In a phone interview, Gordon said he closed the pub on March 31. The historic watering hole transitioned to delivery and takeout for two weeks, but Gordon said he didn’t want to put guests and his staff at risk of contracting the virus.
“I feel like it’s best,” he said. “I can rebuild the business, but I can’t rebuild a lost life.
“I feel very disappointed that we can’t serve our guests,” Gordon added, “that we can’t continue operating the place that people love.”
Earlier this year, Gordon and property owners Ken and Henry Shi reached a handshake agreement for a five-year lease to avoid the bar’s closure. The deal was brokered by the Queens Chamber of Commerce, local elected officials and representatives from city agencies in a closed-door meeting.
Gordon said prior to the coronavirus outbreak, he and the building owners were getting ready for the official lease signing. But when the virus struck and social distancing orders were put in place, the Shi’s “put everything on hold.”
When April 1 came, Gordon said he got a text from the landlords asking for rent. The bar owner said the text did not even acknowledge the pandemic.
“No acknowledgement,” he said. “Just cold.”
Gordon, a New York City firefighter, said he’s still hoping to sign the lease despite everything going on. He said he will also try to negotiate a two-month rent abatement, given that the tavern has closed.
“We don’t have any revenue coming in now,” he added.
The bar owner said he’s in the process of applying for federal and local loans to keep the business afloat, but noted that the system is “inundated by requests.”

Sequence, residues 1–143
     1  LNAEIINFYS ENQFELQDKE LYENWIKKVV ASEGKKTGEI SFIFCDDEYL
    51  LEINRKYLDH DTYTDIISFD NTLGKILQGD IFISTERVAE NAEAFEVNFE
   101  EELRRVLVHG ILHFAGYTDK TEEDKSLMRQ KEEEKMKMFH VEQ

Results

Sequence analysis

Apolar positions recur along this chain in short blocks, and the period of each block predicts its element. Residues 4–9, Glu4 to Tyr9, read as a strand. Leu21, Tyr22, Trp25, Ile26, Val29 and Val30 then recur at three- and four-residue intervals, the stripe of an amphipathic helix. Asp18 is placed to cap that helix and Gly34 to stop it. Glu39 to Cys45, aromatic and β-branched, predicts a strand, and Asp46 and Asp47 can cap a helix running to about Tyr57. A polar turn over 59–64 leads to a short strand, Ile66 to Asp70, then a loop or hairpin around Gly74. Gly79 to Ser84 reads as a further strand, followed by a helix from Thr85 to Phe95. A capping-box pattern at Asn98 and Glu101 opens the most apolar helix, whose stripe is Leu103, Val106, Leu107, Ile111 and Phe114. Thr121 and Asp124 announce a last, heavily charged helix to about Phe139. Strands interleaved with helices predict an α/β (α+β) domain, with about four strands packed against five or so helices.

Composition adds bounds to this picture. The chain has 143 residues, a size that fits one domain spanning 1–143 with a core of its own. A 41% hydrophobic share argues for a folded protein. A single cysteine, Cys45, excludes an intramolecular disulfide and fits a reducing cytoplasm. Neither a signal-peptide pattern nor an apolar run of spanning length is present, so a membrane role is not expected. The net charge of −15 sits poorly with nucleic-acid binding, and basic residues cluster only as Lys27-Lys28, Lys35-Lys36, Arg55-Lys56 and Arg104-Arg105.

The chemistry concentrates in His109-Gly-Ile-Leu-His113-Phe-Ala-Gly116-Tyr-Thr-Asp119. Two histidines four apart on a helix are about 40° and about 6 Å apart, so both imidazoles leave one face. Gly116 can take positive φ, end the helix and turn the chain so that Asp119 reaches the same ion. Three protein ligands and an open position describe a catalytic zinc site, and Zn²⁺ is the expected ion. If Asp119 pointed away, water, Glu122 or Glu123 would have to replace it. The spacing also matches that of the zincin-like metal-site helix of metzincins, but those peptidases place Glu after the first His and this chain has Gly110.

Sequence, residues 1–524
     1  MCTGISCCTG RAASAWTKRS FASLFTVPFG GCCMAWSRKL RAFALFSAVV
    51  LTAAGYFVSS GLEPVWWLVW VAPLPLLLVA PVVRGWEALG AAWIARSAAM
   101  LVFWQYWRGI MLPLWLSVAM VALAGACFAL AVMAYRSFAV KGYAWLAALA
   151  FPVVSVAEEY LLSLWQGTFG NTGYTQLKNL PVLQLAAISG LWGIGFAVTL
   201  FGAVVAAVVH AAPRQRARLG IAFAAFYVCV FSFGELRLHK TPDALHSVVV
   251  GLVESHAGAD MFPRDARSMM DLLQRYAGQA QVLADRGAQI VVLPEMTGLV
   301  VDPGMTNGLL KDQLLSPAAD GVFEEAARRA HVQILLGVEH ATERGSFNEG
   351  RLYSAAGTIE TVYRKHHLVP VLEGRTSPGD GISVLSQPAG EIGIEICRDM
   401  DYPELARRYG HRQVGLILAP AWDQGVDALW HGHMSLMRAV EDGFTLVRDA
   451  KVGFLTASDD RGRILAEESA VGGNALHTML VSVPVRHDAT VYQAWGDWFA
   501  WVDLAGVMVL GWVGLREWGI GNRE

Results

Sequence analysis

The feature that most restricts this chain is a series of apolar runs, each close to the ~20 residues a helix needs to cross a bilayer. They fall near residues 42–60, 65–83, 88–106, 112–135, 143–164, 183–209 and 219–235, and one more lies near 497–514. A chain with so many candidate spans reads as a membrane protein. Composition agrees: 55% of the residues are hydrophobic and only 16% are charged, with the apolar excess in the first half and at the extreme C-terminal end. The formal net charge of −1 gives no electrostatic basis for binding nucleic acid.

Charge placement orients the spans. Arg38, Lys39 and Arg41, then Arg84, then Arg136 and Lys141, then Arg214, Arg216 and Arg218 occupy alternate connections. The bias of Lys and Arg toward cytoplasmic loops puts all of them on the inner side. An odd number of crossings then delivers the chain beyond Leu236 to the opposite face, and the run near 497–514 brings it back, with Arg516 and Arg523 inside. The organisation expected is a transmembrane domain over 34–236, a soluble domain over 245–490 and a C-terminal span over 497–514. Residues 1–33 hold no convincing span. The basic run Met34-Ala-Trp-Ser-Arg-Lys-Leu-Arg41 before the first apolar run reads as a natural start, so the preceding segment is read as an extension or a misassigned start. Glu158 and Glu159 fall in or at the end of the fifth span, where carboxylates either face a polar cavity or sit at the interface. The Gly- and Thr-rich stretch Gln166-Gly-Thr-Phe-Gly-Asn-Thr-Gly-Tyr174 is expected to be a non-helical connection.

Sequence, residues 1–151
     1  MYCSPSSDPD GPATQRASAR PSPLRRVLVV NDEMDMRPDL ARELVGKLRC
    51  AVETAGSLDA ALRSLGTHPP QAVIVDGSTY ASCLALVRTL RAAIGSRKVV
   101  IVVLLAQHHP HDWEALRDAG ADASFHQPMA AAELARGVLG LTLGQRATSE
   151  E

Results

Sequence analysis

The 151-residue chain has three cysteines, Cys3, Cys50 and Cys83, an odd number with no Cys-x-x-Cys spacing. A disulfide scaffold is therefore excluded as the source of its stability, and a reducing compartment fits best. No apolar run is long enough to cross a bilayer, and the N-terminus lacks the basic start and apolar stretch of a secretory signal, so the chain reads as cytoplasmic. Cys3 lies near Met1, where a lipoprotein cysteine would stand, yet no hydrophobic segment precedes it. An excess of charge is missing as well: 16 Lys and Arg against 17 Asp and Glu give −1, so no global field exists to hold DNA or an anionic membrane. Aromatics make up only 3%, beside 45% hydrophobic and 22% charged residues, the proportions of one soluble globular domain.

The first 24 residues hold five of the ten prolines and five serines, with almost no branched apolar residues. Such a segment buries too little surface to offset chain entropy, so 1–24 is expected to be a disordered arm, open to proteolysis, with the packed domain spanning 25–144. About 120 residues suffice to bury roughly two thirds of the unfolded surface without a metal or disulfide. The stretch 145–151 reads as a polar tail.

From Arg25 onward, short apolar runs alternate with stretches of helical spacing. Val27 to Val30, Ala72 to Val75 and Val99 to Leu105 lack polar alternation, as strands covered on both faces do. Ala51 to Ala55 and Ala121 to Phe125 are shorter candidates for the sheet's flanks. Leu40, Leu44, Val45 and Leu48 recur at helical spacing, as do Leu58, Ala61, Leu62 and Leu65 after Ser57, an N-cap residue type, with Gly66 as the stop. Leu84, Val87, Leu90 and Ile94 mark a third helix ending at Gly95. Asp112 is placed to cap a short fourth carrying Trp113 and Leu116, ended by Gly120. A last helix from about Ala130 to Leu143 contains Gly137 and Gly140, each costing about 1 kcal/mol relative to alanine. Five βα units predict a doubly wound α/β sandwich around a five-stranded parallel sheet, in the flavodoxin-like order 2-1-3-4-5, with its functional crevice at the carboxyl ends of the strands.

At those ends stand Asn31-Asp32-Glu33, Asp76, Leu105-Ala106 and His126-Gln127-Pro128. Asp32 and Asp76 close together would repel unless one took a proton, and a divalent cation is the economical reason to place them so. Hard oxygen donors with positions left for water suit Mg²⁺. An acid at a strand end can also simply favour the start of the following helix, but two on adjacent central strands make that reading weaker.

Despite no money coming in, Gordon said he will keep paying his staff during the temporary closure through a combination of GoFundMe donations, gift cards that customers purchased, loans and personally not taking a salary. The online fundraiser has already netted more than $5,000 in a week for his staff.
“I’m trying to fill that gap until something comes up,” he said.
Not wanting the food they already made to go to waste, the bar donated hot meals to local frontline workers. The pub advertised their donation through social media.
“People came and took advantage of it,” Gordon said. “After that, we also extended it to people who don’t have enough money for a meal right now.”
Gordon said he expects the bar to remain closed until the end of April, if not longer. He said he “firmly believes” that they will be in the same position 30 days from now.
“This is something I don’t know if we’ve totally wrapped our minds around,” he said. “It’s going to be with us for months.”
Even when the crisis abates, he expects a “slow build” back to normalcy. He predicted that customers will be afraid to go out, and that there won’t be a “rush out of homes.”
“People will be very hesitant,” he said. “You’re looking at early summer before things start to open back up again.”
In the meantime, Gordon will try to “turn lemons into lemonade.” He will do a whole restoration of the tavern’s interior and put in a new gas line. He will also make use of the city grant offered by the Department of Small Business Services (SBS).
Until the beloved bar’s doors open again, Gordon’s message to customers is to not allow the virus to divide them.
“Allow it to unite us,” he said. “This is the time to show our humanity.”
He said mental health is going to be a big problem, and advised everyone to be mindful that there could be other losses in addition to losing people due to the outbreak.
But he also believes the city will conquer the coronavirus.
“This will be the defining moment that will change how we treat each other,” Gordon said. “This can be something for us in the end.”